Magazine article Management Today

The Sharp End: Buying British for a Day

Magazine article Management Today

The Sharp End: Buying British for a Day

Article excerpt

How far can you get shopping only for UK-made goods? Dave Waller has a go.

For MT's Best of British issue, my challenge is to spend a day using only British-made products. Even 40 years ago that wasn't easy: when the government ran an I'm Backing Britain campaign in the 1960s, its promotional T-shirts turned out to have come from Portugal.

The morning kicks off surprisingly well when I learn that my Lush shower gel is from Dorset. The company is so right-on there's actually a sticker on the bottle showing which individual made it. I start to think that perhaps this isn't going to be so hard after all.

The feeling lasts until I turn on the taps. You'd think that water operates beyond the limits of national boundaries, given that it comes from the sky. But when I pay the bills it's Thames Water that profits And that's owned by Australian bank Macquarie. Five minutes in and I've already failed. I scrub hard as penance.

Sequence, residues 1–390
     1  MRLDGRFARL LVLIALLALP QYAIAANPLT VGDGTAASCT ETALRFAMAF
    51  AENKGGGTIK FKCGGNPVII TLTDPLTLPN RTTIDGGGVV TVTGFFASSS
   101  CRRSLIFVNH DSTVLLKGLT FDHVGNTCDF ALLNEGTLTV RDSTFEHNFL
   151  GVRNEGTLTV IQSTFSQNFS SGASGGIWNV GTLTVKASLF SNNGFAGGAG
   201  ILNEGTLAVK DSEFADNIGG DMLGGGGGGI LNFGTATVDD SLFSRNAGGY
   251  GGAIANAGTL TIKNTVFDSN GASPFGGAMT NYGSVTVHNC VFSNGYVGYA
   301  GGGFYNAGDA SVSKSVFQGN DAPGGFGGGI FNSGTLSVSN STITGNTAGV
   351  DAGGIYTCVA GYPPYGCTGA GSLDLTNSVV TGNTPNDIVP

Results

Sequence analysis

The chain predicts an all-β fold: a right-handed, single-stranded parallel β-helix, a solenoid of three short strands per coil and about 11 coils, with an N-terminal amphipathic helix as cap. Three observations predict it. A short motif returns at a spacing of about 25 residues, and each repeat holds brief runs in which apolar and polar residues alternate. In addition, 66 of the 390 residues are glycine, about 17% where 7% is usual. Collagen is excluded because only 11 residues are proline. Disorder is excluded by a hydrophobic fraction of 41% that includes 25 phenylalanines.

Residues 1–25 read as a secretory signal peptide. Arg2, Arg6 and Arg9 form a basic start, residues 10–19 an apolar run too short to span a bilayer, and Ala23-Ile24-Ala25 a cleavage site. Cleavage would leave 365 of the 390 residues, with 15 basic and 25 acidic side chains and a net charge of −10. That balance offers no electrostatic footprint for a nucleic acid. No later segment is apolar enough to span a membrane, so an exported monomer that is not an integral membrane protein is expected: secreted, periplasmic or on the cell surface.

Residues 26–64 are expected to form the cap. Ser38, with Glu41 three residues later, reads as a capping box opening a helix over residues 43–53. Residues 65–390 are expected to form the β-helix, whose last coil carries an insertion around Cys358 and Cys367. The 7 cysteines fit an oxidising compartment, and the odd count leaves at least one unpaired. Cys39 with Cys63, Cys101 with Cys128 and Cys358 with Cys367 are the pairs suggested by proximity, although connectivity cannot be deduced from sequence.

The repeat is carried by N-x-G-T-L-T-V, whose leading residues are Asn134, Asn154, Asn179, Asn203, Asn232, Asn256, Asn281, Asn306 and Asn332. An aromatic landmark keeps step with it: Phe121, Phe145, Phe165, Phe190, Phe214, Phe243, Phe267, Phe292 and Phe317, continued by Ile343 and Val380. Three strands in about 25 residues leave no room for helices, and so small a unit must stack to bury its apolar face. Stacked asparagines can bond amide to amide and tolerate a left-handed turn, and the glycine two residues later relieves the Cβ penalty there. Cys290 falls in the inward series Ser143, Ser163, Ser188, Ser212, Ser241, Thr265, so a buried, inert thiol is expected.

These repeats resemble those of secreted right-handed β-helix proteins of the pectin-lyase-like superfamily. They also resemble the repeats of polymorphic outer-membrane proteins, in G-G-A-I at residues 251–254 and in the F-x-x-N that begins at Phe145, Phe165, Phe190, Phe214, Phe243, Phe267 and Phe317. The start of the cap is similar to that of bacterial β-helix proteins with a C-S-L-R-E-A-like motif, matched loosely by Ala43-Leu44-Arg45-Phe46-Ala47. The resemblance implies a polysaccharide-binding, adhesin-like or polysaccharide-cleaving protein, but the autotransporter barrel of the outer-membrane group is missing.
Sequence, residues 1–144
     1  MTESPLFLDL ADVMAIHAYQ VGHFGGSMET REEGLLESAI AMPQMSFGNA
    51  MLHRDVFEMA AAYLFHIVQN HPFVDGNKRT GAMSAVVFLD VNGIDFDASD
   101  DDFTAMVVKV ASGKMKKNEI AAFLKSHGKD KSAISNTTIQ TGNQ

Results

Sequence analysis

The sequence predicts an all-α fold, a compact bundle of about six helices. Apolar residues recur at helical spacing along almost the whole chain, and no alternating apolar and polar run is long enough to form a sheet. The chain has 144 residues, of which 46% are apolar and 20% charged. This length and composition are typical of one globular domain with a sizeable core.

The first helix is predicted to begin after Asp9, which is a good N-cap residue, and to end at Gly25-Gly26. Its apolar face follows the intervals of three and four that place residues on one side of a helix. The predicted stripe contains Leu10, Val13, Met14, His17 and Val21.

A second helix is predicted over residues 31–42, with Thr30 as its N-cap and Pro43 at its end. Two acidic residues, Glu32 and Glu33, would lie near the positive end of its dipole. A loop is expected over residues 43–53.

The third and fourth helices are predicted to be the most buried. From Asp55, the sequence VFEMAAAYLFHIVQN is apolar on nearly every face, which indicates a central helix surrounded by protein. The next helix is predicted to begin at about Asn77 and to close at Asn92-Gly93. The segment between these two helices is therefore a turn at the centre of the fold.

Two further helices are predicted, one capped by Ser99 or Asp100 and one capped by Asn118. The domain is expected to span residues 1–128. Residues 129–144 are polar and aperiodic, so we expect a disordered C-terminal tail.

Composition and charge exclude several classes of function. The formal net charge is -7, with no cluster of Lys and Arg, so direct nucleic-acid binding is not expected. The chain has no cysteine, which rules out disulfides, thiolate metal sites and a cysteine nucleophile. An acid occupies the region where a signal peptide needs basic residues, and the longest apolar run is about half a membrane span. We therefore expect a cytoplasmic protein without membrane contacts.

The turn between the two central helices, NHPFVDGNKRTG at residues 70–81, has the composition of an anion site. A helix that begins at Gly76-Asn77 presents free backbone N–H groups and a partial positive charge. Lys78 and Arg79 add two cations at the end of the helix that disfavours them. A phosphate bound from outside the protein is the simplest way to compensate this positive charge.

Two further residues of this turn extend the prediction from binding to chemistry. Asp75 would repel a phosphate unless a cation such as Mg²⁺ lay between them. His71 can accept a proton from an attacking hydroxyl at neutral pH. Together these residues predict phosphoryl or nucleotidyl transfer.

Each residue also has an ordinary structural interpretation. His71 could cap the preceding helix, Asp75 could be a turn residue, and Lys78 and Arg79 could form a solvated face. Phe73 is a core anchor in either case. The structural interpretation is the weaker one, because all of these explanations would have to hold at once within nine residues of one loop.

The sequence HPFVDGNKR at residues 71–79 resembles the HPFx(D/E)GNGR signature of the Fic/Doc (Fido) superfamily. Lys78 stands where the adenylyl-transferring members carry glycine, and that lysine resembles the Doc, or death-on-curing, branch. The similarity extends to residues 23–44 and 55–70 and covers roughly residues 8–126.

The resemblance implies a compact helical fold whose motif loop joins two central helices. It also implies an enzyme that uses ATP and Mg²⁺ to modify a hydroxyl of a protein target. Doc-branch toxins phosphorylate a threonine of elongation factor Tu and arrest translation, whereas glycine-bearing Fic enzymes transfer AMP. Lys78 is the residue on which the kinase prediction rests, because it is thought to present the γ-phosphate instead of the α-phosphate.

The plan is to head into the centre of London to buy simple day-to-day stuff - some British clothing and a toaster. It's a task that could prove awkward and not just because such things are hard to come by: none of my existing clobber hails from Blighty, so technically I'll have to go nude.

Such behaviour would be distinctly unBritish, so I decide to dress as patriotically as I can - my cords by Howies of Wales (made in China) and jacket and T-shirt by Cornwall's Finisterre (made in Portugal). Then I go off seeking something that's bound to cause problems: British transport.

Now here's a conundrum. London buses are made by the likes of Volvo and Mercedes. Most London Overground trains come from Canadian-owned multinational Bombardier's German factories. Even hitching a ride in a Land Rover or Jag would be pointless - both are proudly British-built, but owned by Tata. Maybe get on a Boris bike? Nope: made in Canada.

A little research does, however, reveal that the Southern Trains service still uses ageing British rolling stock. Built in York by British Rail Engineering in the 1980s - in the halcyon days when we moaned about our own services, not foreign ones.

I take the British train, then walk from Victoria to Oxford Street. It's time to buy a toaster. …

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